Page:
Saturday, March 11, 2006

More for students

Once again, thanks to Dorothy King.

David Brooks has written an article for the New York Times with the headline Harvard-Bound? Chin Up. He has 7 recommendations for the neophyte, of which this is one:

Take a course on ancient Greece. For 2,500 years, educators knew that the core of their mission was to bring students into contact with heroes like Pericles, Socrates and Leonidas. "No habit is so important to acquire," Aristotle wrote, as the ability "to delight in fine characters and noble actions." Alfred North Whitehead agreed, saying, "Moral education is impossible without the habitual vision of greatness."

That core educational principle was abandoned about a generation ago, during a spasm of radical egalitarianism. And once that principle was lost, the entire coherence of higher education was lost with it. So now you've got to find your own ways to learn about history's heroes, the figures who will serve as models to emulate and who will provide you with standards to use to measure your own conduct. Remember, as the British educator Richard Livingstone once wrote, "One is apt to think of moral failure as due to weakness of character: more often it is due to an inadequate ideal."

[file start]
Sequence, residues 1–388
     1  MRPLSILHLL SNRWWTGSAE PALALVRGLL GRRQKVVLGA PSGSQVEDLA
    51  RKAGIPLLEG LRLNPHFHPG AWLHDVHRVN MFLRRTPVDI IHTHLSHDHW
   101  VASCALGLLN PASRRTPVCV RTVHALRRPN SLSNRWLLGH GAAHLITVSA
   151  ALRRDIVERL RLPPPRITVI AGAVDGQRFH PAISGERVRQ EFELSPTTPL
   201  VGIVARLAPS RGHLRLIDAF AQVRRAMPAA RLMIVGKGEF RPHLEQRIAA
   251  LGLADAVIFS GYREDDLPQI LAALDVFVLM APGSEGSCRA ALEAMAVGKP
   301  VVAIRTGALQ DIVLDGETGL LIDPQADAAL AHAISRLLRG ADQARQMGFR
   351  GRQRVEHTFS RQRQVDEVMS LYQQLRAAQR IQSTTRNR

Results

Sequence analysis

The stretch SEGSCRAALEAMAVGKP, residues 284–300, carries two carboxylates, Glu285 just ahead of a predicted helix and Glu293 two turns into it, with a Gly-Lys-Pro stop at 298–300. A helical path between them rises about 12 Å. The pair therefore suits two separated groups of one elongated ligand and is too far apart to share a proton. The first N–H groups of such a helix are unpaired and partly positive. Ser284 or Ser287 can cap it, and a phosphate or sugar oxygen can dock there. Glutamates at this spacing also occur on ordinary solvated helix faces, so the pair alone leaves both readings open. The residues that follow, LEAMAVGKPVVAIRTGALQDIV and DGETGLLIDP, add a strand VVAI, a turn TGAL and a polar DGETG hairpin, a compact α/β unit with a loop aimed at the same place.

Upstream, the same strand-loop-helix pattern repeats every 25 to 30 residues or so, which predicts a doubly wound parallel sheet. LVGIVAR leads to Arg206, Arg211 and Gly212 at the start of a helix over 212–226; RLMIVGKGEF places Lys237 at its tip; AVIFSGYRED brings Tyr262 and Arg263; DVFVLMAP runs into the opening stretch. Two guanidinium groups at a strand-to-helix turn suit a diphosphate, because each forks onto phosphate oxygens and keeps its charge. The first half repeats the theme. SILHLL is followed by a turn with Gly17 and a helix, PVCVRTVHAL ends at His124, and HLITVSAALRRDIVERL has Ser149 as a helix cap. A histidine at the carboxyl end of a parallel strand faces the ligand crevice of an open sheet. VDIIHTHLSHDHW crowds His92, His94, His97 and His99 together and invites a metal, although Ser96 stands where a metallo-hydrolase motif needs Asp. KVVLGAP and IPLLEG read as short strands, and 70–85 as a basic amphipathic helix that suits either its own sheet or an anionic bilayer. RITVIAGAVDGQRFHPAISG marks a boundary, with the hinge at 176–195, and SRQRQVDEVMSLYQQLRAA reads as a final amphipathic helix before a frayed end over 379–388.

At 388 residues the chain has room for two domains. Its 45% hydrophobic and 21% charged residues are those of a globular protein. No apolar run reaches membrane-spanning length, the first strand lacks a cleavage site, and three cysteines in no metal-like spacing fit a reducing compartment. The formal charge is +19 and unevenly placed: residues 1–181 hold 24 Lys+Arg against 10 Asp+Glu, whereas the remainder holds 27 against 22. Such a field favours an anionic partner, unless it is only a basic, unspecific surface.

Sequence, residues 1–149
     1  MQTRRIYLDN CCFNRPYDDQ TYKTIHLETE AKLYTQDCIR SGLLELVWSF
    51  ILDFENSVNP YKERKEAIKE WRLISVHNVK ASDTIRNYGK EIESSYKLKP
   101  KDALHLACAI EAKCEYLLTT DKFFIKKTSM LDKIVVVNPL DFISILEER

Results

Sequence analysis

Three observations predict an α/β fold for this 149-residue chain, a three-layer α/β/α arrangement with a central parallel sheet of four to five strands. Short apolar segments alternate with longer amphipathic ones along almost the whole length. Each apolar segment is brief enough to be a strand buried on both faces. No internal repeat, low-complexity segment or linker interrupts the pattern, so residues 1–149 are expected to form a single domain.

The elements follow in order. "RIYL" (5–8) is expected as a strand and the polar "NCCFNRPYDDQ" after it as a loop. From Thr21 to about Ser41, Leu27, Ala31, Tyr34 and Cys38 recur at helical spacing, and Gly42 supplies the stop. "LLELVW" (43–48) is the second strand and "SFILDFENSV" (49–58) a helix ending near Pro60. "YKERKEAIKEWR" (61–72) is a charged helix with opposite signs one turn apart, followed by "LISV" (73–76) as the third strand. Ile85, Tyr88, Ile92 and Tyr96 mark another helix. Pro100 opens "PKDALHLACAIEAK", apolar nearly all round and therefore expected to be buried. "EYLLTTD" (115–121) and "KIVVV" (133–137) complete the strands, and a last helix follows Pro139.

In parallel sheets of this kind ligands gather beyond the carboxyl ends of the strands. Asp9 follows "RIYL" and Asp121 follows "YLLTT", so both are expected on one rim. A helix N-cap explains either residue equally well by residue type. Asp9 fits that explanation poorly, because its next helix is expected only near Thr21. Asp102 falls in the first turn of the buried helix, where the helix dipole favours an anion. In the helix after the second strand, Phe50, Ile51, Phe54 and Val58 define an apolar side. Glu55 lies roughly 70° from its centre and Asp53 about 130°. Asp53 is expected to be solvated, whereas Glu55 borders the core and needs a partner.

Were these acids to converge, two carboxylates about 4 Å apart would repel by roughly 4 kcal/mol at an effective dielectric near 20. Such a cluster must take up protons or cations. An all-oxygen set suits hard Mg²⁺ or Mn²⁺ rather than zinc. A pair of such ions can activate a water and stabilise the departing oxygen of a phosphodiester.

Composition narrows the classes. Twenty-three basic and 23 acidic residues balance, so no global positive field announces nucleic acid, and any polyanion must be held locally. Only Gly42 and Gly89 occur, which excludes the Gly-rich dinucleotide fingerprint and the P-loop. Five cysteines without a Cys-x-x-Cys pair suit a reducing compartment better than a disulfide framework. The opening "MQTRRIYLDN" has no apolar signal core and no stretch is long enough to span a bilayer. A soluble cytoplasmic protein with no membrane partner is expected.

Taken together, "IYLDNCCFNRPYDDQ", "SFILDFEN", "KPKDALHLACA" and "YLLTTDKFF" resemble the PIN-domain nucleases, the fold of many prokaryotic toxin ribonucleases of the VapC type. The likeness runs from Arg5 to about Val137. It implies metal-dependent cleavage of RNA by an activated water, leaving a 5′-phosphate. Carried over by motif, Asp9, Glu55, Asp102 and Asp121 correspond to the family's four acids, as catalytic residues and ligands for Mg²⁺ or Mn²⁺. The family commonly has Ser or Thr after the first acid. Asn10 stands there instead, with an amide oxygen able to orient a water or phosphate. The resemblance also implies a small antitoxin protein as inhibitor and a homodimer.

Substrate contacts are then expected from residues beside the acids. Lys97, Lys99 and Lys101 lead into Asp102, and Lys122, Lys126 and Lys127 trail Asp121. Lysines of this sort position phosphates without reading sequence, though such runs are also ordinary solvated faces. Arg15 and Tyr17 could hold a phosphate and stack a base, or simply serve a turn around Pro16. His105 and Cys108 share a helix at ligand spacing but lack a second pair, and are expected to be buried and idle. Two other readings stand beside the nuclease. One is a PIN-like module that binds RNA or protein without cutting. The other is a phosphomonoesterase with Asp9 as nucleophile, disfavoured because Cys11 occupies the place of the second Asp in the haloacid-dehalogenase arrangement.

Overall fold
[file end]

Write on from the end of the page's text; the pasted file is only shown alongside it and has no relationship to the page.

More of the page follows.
I have often complained to the Heavens and anyone else I could ensnare that though my university education was not bad, politically it was loud noises of the Feminists and Marxists (of various shades) that dominated with ne'er a dissenting view from the assembled imparters of knowledge. Perhaps it is a good thing that you have to learn alone what has made your society so successful, but I resent the fact that the university paid for by the same society did so little to pass on to its youth a just appreciation of its value and rareness. I resent the fact that the classics were not shoved down my throat.

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